The May Queen, Robin Hood (Lowland) and Finn McCool (Lowland and Highland) stories relate to moving out to the woods and hills. Stories/songs of outdoor life, sports, games, camping and journeys.


Summer/Midsummer crown the school year.

According to Billy Connolly there are only two seasons in Scotland – June and Winter – so celebrating these weeks in culturally appropriate ways is important to the lives of families and communities.

Activities and Resources:
Following on from May, summer term activities include picnics, games, fairs, races/obstacle courses, and outings. All offer specific activities and cultural connections with opportunities for songs, stories and dancing. Eating and cooking outdoors is associated with singing/storytelling, informal games/performances, and puppet plays.

The Gala Day tradition continued in many forms which can be harnessed or recreated/adapted for early years’ purposes and activities connecting school, community and environment. Midsummer stories include the dancing trees (e.g. Auld Cruivie in Aberdeenshire) and the fairy celebrations in rings/hills. Outdoor tents/shelters, games, dances and parades can be play opportunities as well as events.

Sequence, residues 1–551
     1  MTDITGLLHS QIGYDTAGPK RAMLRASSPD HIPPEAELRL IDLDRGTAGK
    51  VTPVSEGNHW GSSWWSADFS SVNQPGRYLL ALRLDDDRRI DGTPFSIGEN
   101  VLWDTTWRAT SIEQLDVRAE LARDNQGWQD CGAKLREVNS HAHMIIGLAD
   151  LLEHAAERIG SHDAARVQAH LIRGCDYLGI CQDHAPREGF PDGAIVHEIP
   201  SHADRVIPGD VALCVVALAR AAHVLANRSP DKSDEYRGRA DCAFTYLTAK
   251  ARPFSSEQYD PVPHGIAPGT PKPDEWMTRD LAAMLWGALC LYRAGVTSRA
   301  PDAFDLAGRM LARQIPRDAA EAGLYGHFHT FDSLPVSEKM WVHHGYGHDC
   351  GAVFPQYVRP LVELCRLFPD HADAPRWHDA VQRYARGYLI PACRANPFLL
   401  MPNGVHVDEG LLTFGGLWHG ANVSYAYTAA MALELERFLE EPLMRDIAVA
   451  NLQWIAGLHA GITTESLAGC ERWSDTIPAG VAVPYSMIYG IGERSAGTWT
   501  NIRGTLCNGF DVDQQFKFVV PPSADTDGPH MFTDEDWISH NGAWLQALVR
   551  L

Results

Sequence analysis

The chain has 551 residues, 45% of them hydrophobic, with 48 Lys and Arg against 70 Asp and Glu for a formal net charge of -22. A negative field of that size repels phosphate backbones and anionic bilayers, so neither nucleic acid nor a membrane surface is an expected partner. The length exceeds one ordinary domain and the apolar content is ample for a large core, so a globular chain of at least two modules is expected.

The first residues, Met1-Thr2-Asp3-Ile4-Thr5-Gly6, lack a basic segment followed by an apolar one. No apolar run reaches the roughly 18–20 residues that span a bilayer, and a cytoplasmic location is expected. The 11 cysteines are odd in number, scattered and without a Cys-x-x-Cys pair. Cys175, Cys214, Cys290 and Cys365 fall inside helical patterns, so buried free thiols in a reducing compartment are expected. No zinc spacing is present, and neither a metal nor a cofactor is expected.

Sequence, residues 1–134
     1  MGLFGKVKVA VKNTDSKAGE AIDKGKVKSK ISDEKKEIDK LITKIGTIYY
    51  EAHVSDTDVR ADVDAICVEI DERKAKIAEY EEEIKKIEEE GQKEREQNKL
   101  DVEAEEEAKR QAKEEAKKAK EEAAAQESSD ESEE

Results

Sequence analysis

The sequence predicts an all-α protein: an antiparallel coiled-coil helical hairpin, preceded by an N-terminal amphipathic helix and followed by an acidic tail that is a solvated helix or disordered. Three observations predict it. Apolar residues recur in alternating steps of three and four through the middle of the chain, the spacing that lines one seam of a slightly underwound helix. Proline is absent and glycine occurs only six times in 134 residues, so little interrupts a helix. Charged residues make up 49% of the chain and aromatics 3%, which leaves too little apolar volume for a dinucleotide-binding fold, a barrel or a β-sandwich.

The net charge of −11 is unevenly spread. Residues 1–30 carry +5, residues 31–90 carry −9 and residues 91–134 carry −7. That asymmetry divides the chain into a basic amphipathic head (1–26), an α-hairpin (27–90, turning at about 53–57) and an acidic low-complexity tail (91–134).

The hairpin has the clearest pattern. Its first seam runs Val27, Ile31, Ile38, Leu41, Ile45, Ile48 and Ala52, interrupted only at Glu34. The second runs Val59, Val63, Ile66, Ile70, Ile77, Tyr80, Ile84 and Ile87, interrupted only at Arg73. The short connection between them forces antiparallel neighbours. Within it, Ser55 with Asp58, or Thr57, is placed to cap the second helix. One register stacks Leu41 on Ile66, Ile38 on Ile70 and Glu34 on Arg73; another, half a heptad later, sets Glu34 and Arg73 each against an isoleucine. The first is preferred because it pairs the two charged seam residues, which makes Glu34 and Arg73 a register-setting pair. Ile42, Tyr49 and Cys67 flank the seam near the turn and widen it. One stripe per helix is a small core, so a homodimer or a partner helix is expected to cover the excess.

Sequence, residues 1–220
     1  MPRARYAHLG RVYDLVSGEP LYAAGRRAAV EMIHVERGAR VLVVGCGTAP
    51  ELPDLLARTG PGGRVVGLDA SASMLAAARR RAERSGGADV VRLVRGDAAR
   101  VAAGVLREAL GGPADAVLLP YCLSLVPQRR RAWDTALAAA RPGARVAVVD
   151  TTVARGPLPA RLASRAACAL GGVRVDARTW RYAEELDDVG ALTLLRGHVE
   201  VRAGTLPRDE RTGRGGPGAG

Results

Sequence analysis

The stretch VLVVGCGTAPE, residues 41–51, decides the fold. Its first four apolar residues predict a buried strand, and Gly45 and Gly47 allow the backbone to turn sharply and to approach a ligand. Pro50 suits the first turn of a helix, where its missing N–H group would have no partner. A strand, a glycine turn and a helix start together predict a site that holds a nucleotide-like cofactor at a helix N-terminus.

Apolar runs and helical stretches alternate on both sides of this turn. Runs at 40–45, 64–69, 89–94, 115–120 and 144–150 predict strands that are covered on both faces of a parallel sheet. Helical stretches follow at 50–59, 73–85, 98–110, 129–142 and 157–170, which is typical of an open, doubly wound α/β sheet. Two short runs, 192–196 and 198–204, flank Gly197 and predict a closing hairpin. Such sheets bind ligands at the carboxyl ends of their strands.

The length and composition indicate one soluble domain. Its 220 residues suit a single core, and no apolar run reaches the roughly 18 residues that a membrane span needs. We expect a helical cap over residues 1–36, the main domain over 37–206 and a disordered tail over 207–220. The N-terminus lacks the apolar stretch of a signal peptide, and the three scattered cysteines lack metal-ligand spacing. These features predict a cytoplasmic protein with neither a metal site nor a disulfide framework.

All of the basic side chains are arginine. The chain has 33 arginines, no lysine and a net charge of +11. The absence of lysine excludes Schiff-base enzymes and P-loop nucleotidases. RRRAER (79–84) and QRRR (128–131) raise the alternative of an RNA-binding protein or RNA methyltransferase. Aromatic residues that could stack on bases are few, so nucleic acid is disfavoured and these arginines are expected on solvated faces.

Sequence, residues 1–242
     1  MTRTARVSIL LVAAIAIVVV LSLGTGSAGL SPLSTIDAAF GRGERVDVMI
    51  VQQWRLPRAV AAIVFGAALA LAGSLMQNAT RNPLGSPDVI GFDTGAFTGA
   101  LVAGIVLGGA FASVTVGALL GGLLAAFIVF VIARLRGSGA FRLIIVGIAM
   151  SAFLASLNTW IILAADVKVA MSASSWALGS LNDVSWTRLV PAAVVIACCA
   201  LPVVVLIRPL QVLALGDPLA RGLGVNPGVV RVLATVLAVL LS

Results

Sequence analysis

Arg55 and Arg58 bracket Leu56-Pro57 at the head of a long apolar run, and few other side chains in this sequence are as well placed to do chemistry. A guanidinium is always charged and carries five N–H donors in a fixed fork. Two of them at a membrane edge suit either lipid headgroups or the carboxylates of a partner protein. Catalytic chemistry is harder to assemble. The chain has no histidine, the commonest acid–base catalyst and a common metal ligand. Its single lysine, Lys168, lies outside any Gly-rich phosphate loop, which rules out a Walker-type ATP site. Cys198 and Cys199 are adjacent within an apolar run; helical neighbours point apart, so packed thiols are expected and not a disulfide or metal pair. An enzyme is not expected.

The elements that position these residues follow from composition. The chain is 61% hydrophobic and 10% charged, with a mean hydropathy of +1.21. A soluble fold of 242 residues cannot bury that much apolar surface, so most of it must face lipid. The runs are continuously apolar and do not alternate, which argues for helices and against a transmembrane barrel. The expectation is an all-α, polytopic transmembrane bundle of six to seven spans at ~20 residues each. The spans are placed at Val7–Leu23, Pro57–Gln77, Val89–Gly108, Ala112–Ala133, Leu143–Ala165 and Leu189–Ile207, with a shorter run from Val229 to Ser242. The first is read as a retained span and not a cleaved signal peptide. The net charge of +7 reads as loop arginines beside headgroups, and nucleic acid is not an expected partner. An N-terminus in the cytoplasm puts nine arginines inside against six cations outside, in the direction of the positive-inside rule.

Harvest inaugurates the school year.

The harvest cycles link endings with beginnings and offer rich thematic opportunities.

Activities and Resources:

  • Display barley/wheat/oats and explore milling, baking, porridge making. Make hay from long grass. Salad vegetables, peas and beans can be picked, prepared and eaten. Harvest displays include decorations with sheaves and corn dollies using stalks and ribbons. Harvest suppers, ceilidhs and harvest songs.
  • Stories of harvest include John Barleycorn, harvest mice, and plenty for birds and animals but also the hunting of game birds, hares and rabbits – dangers of harvest time. Note also other harvests – shearing for wool, and river fishing.


September, like March, is a transitional month.

Harvest themes continue but with an increasing emphasis on change.

Activities and Resources: